- Protocol I - Fragmentation weapons
- Protocol II - Landmines
- Protocol III - Incendiary weapons
- Protocol IV - Blinding laser weapons
- Protocol V - Clearance of explosive remnants of war
Convention on Conventional Weapons (CCW)
The UN Convention on Conventional Weapons (CCW) was opened for signature on October 10, 1980, and entered into force in December 1983. The CCW prohibits the use of certain conventional weapons considered excessively deleterious or kill indiscriminately.
The CCW consists of five protocols:
The protocols lack verification and enforcement provisions. The CCW sets international standards and relies on the goodwill of UN member states for enforcement. There is no formal process for resolving concerns about compliance as in the NPT or CTBT.
In 1996, Protocol II was amended to restrict landmine use in internal conflcits, establish standards for reliability for remotely delivered mines, and prohibit the use of non-detectable fragments in anti-personnel landmines. The amendment entered into force on December 3, 1998. Many nations, however, favored a complete ban on landmines and convened to discuss the Ottawa Treaty.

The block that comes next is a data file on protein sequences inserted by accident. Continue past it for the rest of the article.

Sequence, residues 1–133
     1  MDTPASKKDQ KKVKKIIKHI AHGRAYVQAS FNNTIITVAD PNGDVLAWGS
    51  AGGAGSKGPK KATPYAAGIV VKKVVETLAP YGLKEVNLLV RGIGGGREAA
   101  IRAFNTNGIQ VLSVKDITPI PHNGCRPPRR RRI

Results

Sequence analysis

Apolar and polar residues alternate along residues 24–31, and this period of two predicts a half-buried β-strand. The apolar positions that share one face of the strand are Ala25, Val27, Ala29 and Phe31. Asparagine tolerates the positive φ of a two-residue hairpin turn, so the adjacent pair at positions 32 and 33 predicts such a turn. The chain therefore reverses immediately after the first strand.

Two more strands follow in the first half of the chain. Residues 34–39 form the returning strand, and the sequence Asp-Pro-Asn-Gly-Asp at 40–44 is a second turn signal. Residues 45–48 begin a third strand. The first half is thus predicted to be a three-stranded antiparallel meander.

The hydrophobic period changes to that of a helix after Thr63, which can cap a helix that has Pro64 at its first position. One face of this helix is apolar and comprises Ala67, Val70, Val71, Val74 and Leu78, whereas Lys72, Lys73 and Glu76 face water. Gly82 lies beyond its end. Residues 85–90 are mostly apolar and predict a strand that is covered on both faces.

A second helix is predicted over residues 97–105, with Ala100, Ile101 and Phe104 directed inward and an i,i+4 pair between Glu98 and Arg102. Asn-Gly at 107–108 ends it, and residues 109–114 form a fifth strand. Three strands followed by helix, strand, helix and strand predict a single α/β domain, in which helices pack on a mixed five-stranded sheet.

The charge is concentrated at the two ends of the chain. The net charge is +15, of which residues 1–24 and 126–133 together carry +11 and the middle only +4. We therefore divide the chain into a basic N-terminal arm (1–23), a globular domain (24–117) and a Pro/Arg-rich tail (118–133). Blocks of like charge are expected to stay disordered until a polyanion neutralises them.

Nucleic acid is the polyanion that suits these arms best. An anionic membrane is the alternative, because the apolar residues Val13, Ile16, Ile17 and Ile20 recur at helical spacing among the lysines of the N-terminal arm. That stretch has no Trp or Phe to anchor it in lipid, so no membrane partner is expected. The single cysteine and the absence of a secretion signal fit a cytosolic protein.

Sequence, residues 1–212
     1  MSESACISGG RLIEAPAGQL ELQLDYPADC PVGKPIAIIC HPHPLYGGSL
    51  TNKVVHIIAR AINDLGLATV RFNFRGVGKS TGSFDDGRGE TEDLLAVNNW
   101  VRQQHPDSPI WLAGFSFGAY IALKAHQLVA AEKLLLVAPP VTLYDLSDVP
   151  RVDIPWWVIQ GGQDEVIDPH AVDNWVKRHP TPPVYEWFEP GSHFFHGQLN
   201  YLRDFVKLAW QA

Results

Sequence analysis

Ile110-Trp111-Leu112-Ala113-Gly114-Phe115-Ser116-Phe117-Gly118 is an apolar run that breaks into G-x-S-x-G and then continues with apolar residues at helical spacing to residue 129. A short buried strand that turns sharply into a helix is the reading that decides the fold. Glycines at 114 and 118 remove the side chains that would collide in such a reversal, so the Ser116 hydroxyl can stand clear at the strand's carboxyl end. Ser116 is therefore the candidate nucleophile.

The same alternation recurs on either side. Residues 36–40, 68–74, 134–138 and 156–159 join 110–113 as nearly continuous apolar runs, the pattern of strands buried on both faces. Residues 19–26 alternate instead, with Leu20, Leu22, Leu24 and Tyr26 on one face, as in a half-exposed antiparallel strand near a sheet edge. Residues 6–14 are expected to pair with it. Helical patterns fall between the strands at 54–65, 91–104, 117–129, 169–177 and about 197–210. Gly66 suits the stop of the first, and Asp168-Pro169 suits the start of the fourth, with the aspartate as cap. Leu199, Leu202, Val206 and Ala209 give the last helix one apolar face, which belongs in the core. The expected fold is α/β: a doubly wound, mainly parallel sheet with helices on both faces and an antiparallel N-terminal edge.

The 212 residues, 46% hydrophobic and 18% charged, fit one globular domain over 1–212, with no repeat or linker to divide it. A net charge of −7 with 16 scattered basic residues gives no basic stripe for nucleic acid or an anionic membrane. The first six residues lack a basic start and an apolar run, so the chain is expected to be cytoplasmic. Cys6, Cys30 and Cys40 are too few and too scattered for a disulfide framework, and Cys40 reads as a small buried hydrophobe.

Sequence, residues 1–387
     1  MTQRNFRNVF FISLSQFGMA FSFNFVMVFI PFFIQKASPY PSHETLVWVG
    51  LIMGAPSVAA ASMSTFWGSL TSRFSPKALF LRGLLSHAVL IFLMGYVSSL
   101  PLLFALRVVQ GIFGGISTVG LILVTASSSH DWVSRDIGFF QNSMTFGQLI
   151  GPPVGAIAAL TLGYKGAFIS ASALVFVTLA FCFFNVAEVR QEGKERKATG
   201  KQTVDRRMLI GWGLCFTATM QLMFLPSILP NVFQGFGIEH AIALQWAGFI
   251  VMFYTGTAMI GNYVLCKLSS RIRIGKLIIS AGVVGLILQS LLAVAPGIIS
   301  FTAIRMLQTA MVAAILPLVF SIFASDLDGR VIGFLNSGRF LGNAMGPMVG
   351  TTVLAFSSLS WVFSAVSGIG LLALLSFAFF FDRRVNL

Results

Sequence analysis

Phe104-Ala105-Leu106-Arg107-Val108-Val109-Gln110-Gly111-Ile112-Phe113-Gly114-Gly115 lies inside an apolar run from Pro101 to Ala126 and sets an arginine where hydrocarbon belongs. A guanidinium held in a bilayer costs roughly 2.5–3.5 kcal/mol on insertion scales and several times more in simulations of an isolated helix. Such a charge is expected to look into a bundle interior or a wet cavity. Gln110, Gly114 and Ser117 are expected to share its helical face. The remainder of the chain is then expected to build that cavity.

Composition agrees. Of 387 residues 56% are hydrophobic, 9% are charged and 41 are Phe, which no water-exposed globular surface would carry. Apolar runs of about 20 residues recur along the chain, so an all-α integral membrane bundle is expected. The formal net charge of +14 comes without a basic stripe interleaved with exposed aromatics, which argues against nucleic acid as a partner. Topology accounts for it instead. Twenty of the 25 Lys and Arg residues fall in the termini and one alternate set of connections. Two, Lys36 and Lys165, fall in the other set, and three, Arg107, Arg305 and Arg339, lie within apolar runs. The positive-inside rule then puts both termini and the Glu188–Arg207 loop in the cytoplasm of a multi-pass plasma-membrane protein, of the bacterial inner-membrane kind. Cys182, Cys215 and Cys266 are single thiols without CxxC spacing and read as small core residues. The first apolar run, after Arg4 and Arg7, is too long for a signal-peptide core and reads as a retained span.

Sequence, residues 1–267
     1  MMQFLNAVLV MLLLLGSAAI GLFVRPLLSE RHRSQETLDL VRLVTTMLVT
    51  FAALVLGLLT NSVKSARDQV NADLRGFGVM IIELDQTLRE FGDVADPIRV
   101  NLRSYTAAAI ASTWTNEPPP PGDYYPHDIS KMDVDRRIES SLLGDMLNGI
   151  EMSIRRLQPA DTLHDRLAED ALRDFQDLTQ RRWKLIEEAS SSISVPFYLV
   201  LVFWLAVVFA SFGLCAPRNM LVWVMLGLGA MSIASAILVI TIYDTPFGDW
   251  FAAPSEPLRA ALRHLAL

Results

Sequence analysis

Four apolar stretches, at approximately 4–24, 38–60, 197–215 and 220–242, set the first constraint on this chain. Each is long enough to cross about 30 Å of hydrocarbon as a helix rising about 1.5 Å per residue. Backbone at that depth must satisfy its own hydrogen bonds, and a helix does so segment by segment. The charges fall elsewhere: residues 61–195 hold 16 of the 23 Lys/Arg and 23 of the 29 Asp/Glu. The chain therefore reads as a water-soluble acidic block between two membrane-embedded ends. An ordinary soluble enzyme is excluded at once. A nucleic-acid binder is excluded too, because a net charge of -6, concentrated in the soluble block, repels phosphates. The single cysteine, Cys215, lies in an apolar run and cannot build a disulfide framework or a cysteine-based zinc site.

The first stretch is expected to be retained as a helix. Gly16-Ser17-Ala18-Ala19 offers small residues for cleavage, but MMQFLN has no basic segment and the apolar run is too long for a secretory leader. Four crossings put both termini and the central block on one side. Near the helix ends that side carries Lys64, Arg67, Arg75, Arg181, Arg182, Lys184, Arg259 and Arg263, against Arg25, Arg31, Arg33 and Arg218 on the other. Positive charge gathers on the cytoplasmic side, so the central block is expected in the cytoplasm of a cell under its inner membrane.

In the 1970's, Chinese soldiers were allegedly blinded by Soviet lasers in the China-Vietnam war. In 1982, there were similar reports of pilots from Argentina being blinded from lasers on British ships. Throughout the Iran-Iraq war, Iraqi laser systems caused over 4000 Iranian injuries. The Soviet Union was suspected of firing lasers at US spyplanes during the 1980's. In 1989 a bilateral agreement between the US and the USSR restricted the use of lasers. In 1989, the International Red Cross called for multi-lateral controls on the use of lasers in war.
- "Convention on Conventional Weapons (CCW)." FAS. 1 Mar. 2006 <http://www.fas.org/nuke/control/ccw/>.
- “Convention on Certain Conventional Weapons.” Wikipedia. Wikimedia Foundation. 1 Mar. 2006 <http://en.wikipedia.org/wiki/Convention_on_Certain_Conventional_Weapons>.